joeb moore & partners spans bridge house over landscape
all images © frank oudeman, michael biondo, david sundberg/esto
surrounded by an ecological system of cascading rocks and water, ‘the bridge house’ by american architecture studio joeb moore & partners has been constructed in reference to its ever-changing landscape. located in kent, connecticut in america, the building sits along a ridge that runs parallel to the housatonic river and kent falls state park. the geology of this area is formed by alternating hard and soft bedrock layers that eventually erode over time, creating a sense of ebb and flow in the environment. the layout of the volume was informed by covered-wood bridges found near the site, evoking the feeling that it sits loosely in the ground, as the suspended mass is projected over the hillside.
view from the meadow showing the house suspended over the hillside
spanning across the sloping topography, a connecting structure containing the living/dining area is anchored into the ground by two opposing concrete foundations. this key interlocking space opens on both sides to offer views of the meadow and valley floor and out to the river below. the interior rooms all have a strong interaction with the outside, fitting around the existing terrain. ‘the bridge house’ offers a strong interplay between the static and dynamic, while also providing a sense of retreat.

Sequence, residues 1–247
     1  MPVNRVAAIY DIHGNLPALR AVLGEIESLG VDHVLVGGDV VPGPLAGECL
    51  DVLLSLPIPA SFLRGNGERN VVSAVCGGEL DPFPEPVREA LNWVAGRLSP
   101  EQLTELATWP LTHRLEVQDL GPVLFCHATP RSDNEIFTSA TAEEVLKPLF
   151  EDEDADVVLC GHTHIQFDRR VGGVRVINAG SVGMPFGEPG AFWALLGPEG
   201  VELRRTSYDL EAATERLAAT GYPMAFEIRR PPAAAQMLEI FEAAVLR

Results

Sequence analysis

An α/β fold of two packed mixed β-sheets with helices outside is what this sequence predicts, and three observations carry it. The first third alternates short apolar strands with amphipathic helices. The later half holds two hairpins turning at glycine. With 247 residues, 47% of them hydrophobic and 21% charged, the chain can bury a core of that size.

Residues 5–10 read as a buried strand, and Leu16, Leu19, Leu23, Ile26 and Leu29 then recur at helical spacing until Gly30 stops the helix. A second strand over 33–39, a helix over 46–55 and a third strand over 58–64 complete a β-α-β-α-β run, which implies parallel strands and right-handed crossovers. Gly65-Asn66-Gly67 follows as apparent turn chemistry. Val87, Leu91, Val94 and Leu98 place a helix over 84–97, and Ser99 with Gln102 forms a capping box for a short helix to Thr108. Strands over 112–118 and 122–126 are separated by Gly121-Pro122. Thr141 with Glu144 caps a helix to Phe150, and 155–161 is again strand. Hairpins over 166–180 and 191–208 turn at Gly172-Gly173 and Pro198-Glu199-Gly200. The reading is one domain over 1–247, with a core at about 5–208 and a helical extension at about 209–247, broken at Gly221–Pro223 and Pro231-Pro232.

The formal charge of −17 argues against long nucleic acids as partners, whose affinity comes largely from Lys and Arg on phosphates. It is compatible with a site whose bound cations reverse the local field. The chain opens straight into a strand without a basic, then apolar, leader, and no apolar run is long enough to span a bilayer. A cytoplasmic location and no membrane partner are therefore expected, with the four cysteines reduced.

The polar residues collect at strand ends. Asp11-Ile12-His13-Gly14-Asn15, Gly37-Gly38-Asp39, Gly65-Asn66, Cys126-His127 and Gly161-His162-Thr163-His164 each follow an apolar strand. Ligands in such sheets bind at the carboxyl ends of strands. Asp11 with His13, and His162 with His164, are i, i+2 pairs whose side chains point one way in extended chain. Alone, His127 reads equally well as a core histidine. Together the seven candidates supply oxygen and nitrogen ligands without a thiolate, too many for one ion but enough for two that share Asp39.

the volume was informed by the ever-changing environment
the mass was shaped around existing trees at the site
exterior view of living/dining bridge that joins the mass
detail of the connecting volume
interior of the living/dining area
the living area opens on both sides
the staircase features as a light well
nighttime view of the exterior
first floor plan
architects: joeb moore & partners architects, llc
location: kent, connecticut, usa
structural engineer: ed stanley and associates
mechanical engineer: encon inc.
general contractor: corporate construction, inc.
landscape architect: donald walsh
photographs: frank oudeman, michael biondo, © david sundberg/esto